Scientists at the Sun Yat-sen University in China have managed to conduct DNA surgery on an embryo to remove a genetic disease from it.
Beta-thalassemia is a dangerous condition that can cause significant issues in infants including anemia, skeletal abnormalities, and even death. A single point mutation causes it. That means only one base pair out of over three billion base pairs in the whole DNA strand is responsible for beta-thalassemia. This made it an excellent candidate for the revolutionary new procedure.
Base Editor and its Contribution in Curing the embryo
The team used an adaptation of a CRISPR DNA snipping tool which they call a base editor. Using this amazing tool, they edited the single mutated base within the DNA of that embryo. This fixed the faulty gene and would have prevented the disease if the embryo had been allowed to develop.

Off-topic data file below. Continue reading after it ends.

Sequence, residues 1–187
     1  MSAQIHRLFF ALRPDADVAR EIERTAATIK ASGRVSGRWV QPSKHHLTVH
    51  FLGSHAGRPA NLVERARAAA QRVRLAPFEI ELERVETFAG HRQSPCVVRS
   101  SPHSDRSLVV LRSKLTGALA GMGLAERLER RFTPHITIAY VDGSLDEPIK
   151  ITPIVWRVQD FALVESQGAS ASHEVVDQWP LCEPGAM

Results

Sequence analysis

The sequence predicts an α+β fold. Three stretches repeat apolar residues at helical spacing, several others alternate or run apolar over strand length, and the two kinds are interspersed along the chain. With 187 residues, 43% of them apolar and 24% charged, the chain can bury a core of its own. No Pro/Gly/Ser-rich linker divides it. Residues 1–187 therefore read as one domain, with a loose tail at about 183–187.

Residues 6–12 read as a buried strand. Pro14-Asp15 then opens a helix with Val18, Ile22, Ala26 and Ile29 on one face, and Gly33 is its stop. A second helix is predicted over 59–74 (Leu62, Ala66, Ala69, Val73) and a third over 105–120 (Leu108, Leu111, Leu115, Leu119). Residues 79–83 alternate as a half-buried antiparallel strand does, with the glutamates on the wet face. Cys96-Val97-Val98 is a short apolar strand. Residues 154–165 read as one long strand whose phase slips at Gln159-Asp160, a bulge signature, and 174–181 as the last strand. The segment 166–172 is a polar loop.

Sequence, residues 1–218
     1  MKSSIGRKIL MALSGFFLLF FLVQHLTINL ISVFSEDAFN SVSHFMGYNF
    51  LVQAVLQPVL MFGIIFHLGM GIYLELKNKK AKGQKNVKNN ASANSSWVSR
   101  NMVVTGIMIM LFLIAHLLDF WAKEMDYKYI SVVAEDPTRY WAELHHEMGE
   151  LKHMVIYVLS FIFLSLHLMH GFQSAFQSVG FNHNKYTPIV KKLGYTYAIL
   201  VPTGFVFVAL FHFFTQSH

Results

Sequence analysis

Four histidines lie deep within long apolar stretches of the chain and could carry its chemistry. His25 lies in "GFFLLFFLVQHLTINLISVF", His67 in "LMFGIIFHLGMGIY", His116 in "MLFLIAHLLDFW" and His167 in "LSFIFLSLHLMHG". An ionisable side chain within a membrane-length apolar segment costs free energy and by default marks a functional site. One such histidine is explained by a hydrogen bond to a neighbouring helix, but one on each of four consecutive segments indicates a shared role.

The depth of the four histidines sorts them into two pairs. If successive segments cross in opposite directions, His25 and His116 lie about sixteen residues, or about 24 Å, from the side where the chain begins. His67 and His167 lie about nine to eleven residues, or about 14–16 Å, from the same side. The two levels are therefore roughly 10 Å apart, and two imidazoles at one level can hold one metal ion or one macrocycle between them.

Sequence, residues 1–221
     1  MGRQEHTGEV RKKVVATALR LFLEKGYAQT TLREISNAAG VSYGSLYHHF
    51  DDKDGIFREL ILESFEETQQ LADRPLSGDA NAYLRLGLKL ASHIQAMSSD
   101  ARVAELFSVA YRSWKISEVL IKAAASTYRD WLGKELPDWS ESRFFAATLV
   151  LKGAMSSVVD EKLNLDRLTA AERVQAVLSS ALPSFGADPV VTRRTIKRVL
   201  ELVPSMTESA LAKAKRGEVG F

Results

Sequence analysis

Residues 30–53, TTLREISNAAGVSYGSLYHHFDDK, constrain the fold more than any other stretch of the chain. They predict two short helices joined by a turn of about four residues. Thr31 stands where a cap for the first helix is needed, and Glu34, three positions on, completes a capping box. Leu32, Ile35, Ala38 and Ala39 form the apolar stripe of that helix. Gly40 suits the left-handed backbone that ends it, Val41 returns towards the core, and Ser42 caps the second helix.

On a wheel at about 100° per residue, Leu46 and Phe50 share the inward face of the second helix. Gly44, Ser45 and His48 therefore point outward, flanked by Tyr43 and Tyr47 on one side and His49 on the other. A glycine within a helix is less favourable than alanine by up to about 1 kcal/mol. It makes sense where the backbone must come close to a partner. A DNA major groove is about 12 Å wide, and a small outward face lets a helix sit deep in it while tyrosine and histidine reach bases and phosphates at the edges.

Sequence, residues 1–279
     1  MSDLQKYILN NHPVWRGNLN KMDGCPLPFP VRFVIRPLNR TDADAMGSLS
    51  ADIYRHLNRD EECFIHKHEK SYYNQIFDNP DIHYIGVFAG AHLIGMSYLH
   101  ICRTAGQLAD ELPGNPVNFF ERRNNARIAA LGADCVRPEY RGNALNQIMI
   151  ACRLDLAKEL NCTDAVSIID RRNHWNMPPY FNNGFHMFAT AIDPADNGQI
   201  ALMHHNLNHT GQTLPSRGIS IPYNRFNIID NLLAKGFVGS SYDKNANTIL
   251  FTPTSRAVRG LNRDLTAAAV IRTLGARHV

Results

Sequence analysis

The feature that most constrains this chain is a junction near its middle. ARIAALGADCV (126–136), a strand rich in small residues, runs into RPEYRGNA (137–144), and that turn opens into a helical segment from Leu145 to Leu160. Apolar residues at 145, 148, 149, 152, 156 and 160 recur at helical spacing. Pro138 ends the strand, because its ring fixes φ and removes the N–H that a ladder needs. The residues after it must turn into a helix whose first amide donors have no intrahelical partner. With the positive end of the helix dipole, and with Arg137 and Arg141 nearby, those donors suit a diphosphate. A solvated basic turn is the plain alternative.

Feats of DNA surgery like this were thought to be completely impossible until very recently.While some genetic disorders like breast cancer can involve a confluence of many genes, there are over six hundred diseases that only include a single one. In theory, a dangerous disease like cystic fibrosis or muscular dystrophy could be cured the same way this study cured beta-thalassemia.
While nobody can argue the benefits of fixing genetic disorders, some fear the ethical implications involved. Especially those regarding “designer babies” and their social consequences. Others fear the possible unintended consequences of gene modifications and their longer-term effects. Genes are complicated, and many genes influence many genetic diseases. In fixing one disease, scientists could cause a multitude of other maladies.
Despite the controversy, Chinese researchers have been investigating genetic modification for years, and in 2017 the US decided to allow limited research into genetic editing, as well. While it is possible that changing the human genome might have its downsides, nobody can argue that its benefits could overshadow anything the medical community has come up with to this point.